Presentation on theme: "Web Security for Network and System Administrators1 Chapter 1 Introduction to Information Security."— Presentation transcript:
Web Security for Network and System Administrators1 Chapter 1 Introduction to Information Security
Web Security for Network and System Administrators2 Objectives In this chapter, you will: Define basic security concepts Begin to assess security risks Outline a security policy Locate information security resources
Web Security for Network and System Administrators3 Basic Security Concepts Confidentiality – only authorized individuals can access data Integrity – data changes are tracked and properly controlled Availability – systems are accessible for business needs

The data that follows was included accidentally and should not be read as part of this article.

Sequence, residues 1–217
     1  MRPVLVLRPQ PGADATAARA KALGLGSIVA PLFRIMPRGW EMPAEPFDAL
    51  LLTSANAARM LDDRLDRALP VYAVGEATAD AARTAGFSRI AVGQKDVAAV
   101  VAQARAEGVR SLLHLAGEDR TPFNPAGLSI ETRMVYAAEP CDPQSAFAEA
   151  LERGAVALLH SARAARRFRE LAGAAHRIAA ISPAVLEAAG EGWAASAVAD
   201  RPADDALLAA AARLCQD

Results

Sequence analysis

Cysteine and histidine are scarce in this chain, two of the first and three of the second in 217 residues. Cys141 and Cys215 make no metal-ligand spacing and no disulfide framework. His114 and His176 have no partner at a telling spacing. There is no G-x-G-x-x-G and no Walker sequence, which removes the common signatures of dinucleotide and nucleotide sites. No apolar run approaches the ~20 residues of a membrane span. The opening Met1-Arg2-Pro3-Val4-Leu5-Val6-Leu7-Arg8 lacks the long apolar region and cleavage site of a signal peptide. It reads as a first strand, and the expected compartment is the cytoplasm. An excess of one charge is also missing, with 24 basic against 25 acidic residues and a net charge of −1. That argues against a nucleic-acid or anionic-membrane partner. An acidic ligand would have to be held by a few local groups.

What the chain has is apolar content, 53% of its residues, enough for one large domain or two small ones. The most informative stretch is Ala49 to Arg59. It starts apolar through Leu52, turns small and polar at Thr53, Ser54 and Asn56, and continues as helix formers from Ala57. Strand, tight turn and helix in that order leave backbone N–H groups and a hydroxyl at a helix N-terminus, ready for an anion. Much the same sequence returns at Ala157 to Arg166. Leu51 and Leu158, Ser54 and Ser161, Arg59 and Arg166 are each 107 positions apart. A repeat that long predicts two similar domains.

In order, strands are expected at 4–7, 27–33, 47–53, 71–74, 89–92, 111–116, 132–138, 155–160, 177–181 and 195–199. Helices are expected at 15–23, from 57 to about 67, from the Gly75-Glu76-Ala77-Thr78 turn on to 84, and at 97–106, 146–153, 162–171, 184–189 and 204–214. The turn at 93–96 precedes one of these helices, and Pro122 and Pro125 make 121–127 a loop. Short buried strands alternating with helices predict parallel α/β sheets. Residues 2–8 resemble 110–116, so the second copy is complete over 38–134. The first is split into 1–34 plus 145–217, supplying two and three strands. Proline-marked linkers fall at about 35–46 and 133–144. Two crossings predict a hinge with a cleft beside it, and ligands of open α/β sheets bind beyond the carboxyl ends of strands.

Web Security for Network and System Administrators4 Basic Security Concepts Physical security – protect people, equipment, and facilities Privacy – critical data is not released to the wrong people Marketplace perception – the way the company is perceived by customers, partners, and competitors
Web Security for Network and System Administrators5 Assessing Risk Check existing security policies and processes Analyze, prioritize, and categorize resources by determining: total cost of ownership, internal value, and external value. –TCO refers to the total monetary and labor costs calculated over a specific time period –Internal value refers to the monetary assessment of the importance of a particular asset to the internal working of a company –External value refers to the money or another commodity that the asset brings to the company from external sources